Legal Q&A: Authority to Act Under a POA Agreement

Q: How can I be Certain an Agent has Authority to Act under a Power of Attorney Agreement?

A: WBA continues to field a variety of questions about when and how an agent may act under a Power of Attorney (POA) agreement. This Q&A is dedicated to that question generally.

A POA agreement is a legal document whereby one party (the principal) designates authority to act on their behalf to another party (the agent). Always ensure that any POA agreement bank receives relates to powers over finances. Take a copy of and review any POA agreement related to finances the bank may receive for its customers. Customers may bring in the model agreement provided by Wisconsin in accordance with Chapter 244 or one drafted by an attorney. Both are equally valid methods, but may contain different terms and provisions. Confirm whether the POA agreement is: durable, non-durable, or springing. This refers to when the agent may act: either while the principal is incapacitated, cease while the principal is incapacitated, or after a predetermined event.

All of the agent’s authority to act comes from what is written within the POA agreement. Ideally, the POA agreement is clear and specific. Sometimes, it may not be. For example, the POA agreement may refer to “general powers of finances.” Wisconsin Statute Section 244.41 indicates which authority is covered by a general grant and those powers that require a specific grant. You will want to review that portion of the statute to assist in determining the agent’s authority. In any case, carefully review the document, and consider obtaining an opinion from the bank’s own counsel.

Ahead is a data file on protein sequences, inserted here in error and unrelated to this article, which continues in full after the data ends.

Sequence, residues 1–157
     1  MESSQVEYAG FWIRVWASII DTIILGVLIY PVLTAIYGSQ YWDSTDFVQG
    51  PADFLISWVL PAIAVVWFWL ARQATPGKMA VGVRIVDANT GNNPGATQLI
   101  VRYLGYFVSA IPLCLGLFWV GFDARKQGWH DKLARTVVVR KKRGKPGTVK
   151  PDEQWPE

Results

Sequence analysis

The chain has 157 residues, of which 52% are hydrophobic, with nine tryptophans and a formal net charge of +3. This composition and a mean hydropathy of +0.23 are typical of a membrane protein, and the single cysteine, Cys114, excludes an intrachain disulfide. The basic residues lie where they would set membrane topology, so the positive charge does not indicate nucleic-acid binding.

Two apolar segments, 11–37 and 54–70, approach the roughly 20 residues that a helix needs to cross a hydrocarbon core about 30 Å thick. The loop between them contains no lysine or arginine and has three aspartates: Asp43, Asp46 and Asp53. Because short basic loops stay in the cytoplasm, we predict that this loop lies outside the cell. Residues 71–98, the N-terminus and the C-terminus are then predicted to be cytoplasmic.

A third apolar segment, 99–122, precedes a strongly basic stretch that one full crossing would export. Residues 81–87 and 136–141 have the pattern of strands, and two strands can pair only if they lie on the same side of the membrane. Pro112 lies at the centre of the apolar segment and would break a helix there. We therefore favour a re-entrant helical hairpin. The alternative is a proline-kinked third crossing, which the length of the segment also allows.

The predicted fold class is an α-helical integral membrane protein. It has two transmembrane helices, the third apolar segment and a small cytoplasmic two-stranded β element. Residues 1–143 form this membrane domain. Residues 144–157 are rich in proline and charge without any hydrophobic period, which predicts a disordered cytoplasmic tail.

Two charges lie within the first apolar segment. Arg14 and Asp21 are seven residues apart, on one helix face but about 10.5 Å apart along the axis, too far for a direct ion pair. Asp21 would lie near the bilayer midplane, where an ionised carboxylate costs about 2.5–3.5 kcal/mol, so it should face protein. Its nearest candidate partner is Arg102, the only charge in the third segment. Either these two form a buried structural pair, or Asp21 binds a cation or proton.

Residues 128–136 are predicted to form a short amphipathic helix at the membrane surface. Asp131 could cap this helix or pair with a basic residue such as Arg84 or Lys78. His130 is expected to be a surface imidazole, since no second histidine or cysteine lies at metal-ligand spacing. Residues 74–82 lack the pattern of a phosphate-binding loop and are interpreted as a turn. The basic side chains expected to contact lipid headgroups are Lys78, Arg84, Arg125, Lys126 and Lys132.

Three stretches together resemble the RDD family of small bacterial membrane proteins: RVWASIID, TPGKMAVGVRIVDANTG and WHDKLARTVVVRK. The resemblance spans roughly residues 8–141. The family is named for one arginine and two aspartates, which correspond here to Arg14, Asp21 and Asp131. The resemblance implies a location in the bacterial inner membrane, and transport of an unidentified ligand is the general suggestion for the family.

Special rules exist for agency on joint deposit accounts. All parties to the joint account must designate the agent to have authority on the account for the agency to be valid. However, only one party needs to revoke that authority in order for the revocation to be effective. 

Generally, agents may not appoint other agents, and generally may not conduct estate planning activities on behalf of the principle. Look for specific language granting this authority if an agent wishes to act in this way and consider obtaining an opinion from the bank’s own counsel.

A POA agreement for personal finances of an individual doesn’t automatically mean that an agent can act with respect to any fiduciary authority the ward has. For example, while a trustee may have the authority to appoint an agent over a trust, in order for the trustee to appoint an agent over a trust they should do so in their capacity as a trustee rather than as an individual.

As a final reminder, POA agreements for health care do not apply to deposit accounts. They relate to health care decisions rather than finances.

As always, if you have any questions on POA matters or other compliance-related concerns, call the WBA legal hotline at 608-441-1200 or email us at

Note: The above information is not intended to provide legal advice; rather, it is intended to provide general information about banking issues. Consult your institution's attorney for special legal advice or assistance.

By, Scott Birrenkott